Source: 2011 GOP Tea Party debate in Tampa FL
, Sep 12, 2011
If we let states mandate insurance, sterilization is ok too
Q: [to Paul]: Does a state has a constitutional right to make someone buy insurance just because they're a resident [as RomneyCare does]?
PAUL: The federal government can't go in and prohibit the states from doing bad things. And
I would consider that a very bad thing, but they do have that leeway under our Constitution.
SANTORUM: This is the 10th Amendment run amok. We have Ron Paul saying, oh, whatever the states want to do under the 10th Amendment's fine.
So if the states want to pass polygamy, that's fine. If the states want to impose sterilization, that's fine. No, our country is based on moral laws. There are things the states can't do. Abraham Lincoln said the states do not have the right to do wrong.
I respect the 10th Amendment, but we are a nation that has values. We are a nation that was built on a moral enterprise, and states don't have the right to tramp over those because of the 10th Amendment.
Source: Iowa Straw Poll 2011 GOP debate in Ames Iowa
, Aug 11, 2011
First Executive Order: suspend ObamaCare
Q: What would be your first executive order after the disastrous Obama presidency?
A: To suspend all spending on the implementation of Obamacare. Thank you for this opportunity & for fighting for Life, Liberty & the Pursuit of Happiness.
I wish the other candidates were here. Please join the fight to save our country at ricksantorum.com
Source: 2011 Republican primary debate on Twitter.com
, Jul 21, 2011
2006: Targeted by trial lawyers for his malpractice reform
Several times during his career, Santorum supported strong reforms to rein in litigation abuse. In 1995, he voted YES to putting caps on punitive damages in product liability cases and to restrict frivolous class action lawsuits.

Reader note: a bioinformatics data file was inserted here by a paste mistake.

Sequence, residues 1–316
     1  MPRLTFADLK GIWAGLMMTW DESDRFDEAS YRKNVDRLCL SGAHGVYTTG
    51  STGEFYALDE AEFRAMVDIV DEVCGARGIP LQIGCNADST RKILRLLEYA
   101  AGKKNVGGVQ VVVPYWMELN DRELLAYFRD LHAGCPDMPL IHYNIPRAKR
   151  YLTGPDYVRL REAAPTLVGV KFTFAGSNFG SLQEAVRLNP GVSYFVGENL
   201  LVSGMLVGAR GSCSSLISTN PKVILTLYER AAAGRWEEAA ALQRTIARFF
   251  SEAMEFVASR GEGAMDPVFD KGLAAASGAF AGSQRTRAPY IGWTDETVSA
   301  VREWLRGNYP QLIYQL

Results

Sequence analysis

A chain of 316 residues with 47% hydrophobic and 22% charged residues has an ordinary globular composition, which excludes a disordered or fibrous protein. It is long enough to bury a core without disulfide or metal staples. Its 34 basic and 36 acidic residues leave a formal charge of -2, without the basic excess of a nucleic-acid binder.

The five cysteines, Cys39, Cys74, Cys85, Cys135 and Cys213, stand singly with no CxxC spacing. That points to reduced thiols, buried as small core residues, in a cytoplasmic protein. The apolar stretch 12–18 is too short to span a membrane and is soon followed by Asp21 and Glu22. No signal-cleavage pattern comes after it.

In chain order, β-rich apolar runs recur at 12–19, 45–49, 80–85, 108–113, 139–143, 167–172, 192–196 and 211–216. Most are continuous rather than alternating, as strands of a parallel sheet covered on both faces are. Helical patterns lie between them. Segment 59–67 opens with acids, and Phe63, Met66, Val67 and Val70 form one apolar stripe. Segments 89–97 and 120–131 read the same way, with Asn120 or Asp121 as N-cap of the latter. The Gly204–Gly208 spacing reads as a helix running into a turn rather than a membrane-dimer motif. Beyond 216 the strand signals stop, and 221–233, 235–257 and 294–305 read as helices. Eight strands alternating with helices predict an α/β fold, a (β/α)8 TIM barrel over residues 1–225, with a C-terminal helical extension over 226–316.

He has consistently pushed for medical malpractice reform in an effort to drive down the cost of medicine.
In 2006, he sponsored a bill to cap non-economic damages related to obstetrical and gynecological services.
For his efforts, the Trial Lawyers of America PAC ran misleading television ads against him during his 2006 re-election campaign.
Source: Club for Growth 2012 Presidential White Paper #4:Santorum
, Jun 6, 2011
Little or no benefit from negotiating Medicare Rx prices
Q: What about allowing
Medicare to use its bargaining power to negotiate lower prices for needed prescription drugs?
|Medicare negotiating to lower drug prices|
A: The competition in the Medicare program is working-the cost of monthly premiums is nearly 40% lower than original estimates. The CBO estimates that there
would be little if any potential savings from the federal government negotiating prices for most drugs. The experiences of our foreign neighbors illustrate that pharmaceutical manufacturers often delay the launch of a new drug product rather than accept
a low price in countries that have government price controls. If the federal government intervened and negotiated pharmaceutical prices, it is likely that Medicare beneficiariesí access to drugs would be hindered, with little to no reduction in prices.
Source: AARP Senate candidate questionnaire
, Sep 29, 2006
Sex outside of monogamy has consequences of STDs & abortion
Sex outside a monogamous, life-long relationship has consequences: teen pregnancy; out-of-wedlock births and the resulting consequences of teen parenting; abortion and related issues of depression; sexually-transmitted diseases, most notably AIDS; rape
& sexual abuse; sexual addiction, especially to pornography; lack of self-respect and self-control; and divorce. The impact of the sexual revolution is staggering. Here is the impact of several STDs per year:
Source: It Takes A Family, by Sen. Rick Santorum, p.313-314
, Jul 4, 2005
Cost per Case
|Number of new|
cases in 2000
|Total Direct Medical|
Cost per Year
|HPV (Papilloma)||$1,228 (women)||
4.6 million||$2.9 billion|
|Genital Herpes||$417 (women)|
Voted YES on limiting medical liability lawsuits to $250,000.
A "cloture motion" cuts off debate. Voting YEA indicates support for the bill as written, in this case to cap medical liability lawsuits. Voting NAY indicates opposition to the bill or a desire to amend it. This bill would "provide improved medical care by reducing the excessive burden the liability system places on the health care delivery system." It would limit medical lawsuit noneconomic damages to $250,000 from the health care provider, and no more than $500,000 from multiple health care institutions.
Proponents of the motion recommend voting YEA because:
- Many doctors have had to either stop practicing medicine due to increased insurance premiums.